By William Stroock
To Americans of a certain age, Col. Moamar Qadafi , president for life of Libya, was a blustering buffoon, a toy dictator mocked on T-shirts calling him “Qadafi Duck.” For much of Africa, however, Qadafi was a dangerous revolutionary, seeding chaos and terror throughout the continent. Seeking to spread his brand of Pan-Arab and -African socalism, Qadafi waged war against the nations of Egypt, Uganda, and Chad. His African adventures ended in failure and humiliation, costing billions in treasure and equipment and thousands of lives.
Lend Lease to Russia
By John M. Barr
On 22 June 1941 Hitler launched more than 4 million men, 3,500 armored vehicles and 4,000 aircraft across the Soviet border in the largest military operation in history. By the end of that year Germany captured more than 500,000 square miles of the Soviet Union’s richest territory, including about 75 million inhabitants (a little more than a third of the pre-invasion population), and 30 percent of its productive capacity. On top of that, by the end of the year the USSR had lost in combat some 3.1 million men along with about 20,000 tanks, 18,000 planes and more than 60,000 artillery pieces.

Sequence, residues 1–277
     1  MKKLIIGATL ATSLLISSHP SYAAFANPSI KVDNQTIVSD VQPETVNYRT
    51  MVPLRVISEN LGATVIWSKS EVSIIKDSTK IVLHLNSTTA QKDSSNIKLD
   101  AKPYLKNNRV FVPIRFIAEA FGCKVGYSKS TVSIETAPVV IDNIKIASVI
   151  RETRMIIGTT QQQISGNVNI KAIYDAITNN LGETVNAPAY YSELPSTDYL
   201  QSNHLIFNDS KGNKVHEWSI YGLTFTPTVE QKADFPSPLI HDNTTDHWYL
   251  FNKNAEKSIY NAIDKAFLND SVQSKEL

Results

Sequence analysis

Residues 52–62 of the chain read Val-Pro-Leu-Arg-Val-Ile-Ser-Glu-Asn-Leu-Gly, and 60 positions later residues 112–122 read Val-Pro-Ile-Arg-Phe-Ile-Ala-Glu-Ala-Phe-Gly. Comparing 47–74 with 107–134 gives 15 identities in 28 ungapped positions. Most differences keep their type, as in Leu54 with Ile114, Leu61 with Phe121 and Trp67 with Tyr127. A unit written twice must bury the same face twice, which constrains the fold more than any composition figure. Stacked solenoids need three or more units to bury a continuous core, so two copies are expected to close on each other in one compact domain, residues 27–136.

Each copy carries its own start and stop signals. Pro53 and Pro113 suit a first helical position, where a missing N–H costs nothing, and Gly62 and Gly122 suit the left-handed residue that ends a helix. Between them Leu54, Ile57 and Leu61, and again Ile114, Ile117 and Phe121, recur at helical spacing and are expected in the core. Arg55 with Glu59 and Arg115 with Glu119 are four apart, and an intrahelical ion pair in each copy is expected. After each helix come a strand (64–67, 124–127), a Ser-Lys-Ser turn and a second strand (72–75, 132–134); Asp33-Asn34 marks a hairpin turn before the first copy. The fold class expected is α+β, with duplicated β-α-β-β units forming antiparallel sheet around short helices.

By Carl Otis Schuster
Charlemagne came to the throne of the Frankish kingdom in 768 at the age of 26. By the time he died 46 years later, he had expanded his realm from a portion of modern France to an empire encompassing most of western and central Europe. That was accomplished not with numerical or qualitative superiority over his enemies, but by a systematic approach to war that skillfully blended diplomacy, intelligence gathering, strategy, tactics, and logistics…
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